How’s that for a title? Folks, I like to break out the ol’ Crock Pot once in a while, do a few minutes of work, toss it all together and come back hours later when the food is done. Beef stew is one of those things. Since it’s also winter and root vegetables are
cheap readily available, and well – I like root veggies, and the fact that they go well in stew… that’s what I did.
Stew is easy. I don’t use a recipe, I just use what ever I have around the kitchen, brown the meat, prep the veggies and toss it all into the Crock Pot. I will also admit that even though this is terribly, terribly non-tree-huggery of me – I LOVE those crock pot liners!! Very little cleanup is involved with them. Another wonderful aspect of stew – stew meat is inexpensive because it tends to be tough if you don’t let it cook for a long time, which is why it’s called “stew meat” – and it’s perfect for long, slow cooking. You can also make stew into one of those “stretch” meals – this one made about 10 generous servings.
So, call this what you will, for me “Kitchen Sink Beef Stew” is probably the best name for what I make. I had about two pounds of russet potatoes, half a red bell pepper, a one pound bag of parsnips*, turnips, five large carrots, a couple ribs of celery and onions (I only used one). I was out of garlic, but I had garlic powder, garlic salt and salt. Since the best thing to do for crock pottery cooking is to brown the meat before tossing it into said crock pot, and you should really season the meat first… I took some flour (gluten free of course), about a quarter cup, two teaspoons of the garlic salt and a teaspoon of pepper, mixed those together and then tossed that with the stew meat. I know that seems like a lot of salt, but I was adding TWO POUNDS of potatoes to the stew, so I actually added more salt later on. Once the the meat was coated, I browned it in a hot, cast iron skillet in a couple tablespoons of olive oil.
Another thing with crock pottery cooking (oh… that is sticking…) is that you should add your veggies to the pot first, then the meat, then the liquid. I cleaned, peeled and chopped all of the veggies into big, ol’ chunks and put them in the pot. This isn’t rocket science (I should know… DH’s brother actually IS a rocket scientist)… crock pottery cooking should not stress you, or anyone, out over whether or not you “did it right”. You have to try to screw this up – seriously. Veggies tossed in, I poured in some other “kitchen sink” ingredients… some leftover, homemade goat stock, a glass of red wine leftover in the bottle and a pint of my Mom’s awesome homemade, stewed tomatoes.
Now, I don’t like to go overboard with the salt. I like salt, my cardiologist has actually said to me, “Please, for the love of God…. INDULGE in some salt!” But, I don’t want to toss too much in the mix too soon because you can always add MORE salt later. You can’t really remove it very well if you put in too much. At this point, the liquid I have added with the stock, wine and stewed tomatoes is enough, but do you remember the flour/salt/pepper combo? I saved what didn’t adhere to the meat so I could shake that up with some water to thicken this stew later on. I know – the books all say to throw it out. Listen, you do what you need to do, but for me – I was adding in my flour/water mixture a couple hours before the stew was ready, and with things cooking on high – everything was going to be a-okay. Your stew meat should have been plenty browned by now, toss it on top (I “broke” the rule about adding the liquid last and I don’t care), add any herbs or seasonings you want to add (bay leaves for me), cover and cook on high for at least 6 hours, mine went about eight. Now, since I cooked my stew about 8 hours, at the 6 hour mark, I took the leftover flour mixture, added that to a jar with water, shook it all up and poured it into the crock pot, giving a stir. This thickens up the liquid – making the stew.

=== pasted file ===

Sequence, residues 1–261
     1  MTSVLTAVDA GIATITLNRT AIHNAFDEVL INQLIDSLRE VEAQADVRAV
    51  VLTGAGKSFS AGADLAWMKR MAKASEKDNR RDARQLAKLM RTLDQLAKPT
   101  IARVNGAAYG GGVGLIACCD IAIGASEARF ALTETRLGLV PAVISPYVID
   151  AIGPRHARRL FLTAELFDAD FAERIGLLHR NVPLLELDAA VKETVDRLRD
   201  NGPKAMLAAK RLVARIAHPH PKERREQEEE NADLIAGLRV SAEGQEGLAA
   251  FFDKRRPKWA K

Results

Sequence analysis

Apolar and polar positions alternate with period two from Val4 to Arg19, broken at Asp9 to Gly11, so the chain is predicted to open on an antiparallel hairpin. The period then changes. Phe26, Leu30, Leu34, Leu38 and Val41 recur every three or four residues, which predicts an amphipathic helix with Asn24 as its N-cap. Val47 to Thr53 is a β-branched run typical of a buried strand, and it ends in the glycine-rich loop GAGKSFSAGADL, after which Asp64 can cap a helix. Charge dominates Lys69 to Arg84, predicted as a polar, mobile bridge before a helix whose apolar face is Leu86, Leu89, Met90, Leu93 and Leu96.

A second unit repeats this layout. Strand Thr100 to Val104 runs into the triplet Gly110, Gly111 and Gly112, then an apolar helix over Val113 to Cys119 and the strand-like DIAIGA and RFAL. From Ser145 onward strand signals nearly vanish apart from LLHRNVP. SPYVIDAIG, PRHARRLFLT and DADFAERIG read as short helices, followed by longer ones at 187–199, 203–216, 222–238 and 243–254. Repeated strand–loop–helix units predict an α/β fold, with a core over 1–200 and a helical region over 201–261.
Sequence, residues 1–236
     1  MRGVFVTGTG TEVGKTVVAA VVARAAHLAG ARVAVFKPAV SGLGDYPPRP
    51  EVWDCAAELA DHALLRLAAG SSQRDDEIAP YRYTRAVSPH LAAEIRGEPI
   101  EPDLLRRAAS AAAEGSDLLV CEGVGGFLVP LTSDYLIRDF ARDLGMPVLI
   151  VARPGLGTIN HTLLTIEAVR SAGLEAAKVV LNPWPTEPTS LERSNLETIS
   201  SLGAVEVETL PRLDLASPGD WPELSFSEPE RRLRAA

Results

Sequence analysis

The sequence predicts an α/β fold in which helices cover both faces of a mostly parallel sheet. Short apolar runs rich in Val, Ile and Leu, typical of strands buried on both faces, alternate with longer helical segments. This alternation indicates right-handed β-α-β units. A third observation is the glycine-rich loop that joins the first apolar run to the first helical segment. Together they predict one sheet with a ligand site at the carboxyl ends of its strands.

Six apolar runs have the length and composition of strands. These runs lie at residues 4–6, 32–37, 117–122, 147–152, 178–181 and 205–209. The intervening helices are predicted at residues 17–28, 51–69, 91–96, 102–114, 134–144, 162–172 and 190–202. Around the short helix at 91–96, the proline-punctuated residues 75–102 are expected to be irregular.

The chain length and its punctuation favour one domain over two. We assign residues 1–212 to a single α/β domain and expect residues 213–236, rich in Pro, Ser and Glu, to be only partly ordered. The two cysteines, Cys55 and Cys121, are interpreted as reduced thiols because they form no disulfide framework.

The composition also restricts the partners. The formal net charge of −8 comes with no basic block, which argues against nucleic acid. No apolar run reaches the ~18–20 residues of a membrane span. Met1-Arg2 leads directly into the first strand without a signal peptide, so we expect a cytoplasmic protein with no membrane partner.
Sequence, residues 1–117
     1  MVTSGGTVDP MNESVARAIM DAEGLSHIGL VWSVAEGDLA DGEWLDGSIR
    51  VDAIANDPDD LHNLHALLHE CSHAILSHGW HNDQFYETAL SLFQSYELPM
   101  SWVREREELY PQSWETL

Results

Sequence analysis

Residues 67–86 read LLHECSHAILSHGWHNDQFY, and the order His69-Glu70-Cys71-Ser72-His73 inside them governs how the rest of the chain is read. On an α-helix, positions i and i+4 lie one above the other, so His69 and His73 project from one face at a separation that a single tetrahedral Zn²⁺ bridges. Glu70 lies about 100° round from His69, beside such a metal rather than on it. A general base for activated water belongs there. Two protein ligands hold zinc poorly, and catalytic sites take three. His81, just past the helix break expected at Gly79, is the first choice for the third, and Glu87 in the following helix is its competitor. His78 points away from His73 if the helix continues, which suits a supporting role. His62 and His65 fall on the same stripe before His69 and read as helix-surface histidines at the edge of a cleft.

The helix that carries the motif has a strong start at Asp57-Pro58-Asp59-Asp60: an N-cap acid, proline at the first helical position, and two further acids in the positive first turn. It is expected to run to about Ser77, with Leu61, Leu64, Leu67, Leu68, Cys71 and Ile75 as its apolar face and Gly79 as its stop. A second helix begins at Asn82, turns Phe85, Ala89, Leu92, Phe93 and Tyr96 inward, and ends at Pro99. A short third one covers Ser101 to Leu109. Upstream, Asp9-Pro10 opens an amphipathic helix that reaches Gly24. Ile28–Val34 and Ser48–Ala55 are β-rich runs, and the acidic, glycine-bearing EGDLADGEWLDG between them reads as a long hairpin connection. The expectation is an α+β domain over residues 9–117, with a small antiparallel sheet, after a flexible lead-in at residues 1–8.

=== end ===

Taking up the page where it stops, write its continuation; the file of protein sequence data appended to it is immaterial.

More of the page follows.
Now while we’re waiting for that to cook, all of these veggies created a whole lot of peelings. I’m frugal (as evidenced by the flour combo thing…), and I also have chickens. I know what my chickens like and don’t like (usually), and while they aren’t crazy about potato peelings during the summer months, they DO eat them during the winter months because they’re “fresh” food. I have a “compost bowl” on my stove top that the coffee grounds, tea bags and peanut shells all go into, but vegetable scraps and fruit scraps that the chickens will eat (they won’t eat orange rind… at least not much of it) go into another bowl to get taken to them in the evening. I like to keep my flock happy.
And now we’re back to cooking. The other nice thing about crock pottery cooking is that you can do a lot of the work in the morning, and if you enjoy having a lazy weekend day, it’s the perfect tool to allow you to have your lazy day of reading and
drinking cooking with wine. Some wine for the dish… some wine for you. Some more wine for you later when you’re eating the dish. I happened to enjoy the Sabrevois from Weggy Winery with this stew and served it with some GF “English Muffins” my mother in law passed along which weren’t very English-muffiny… but were good vehicles for the stew. Now – go cook something delicious.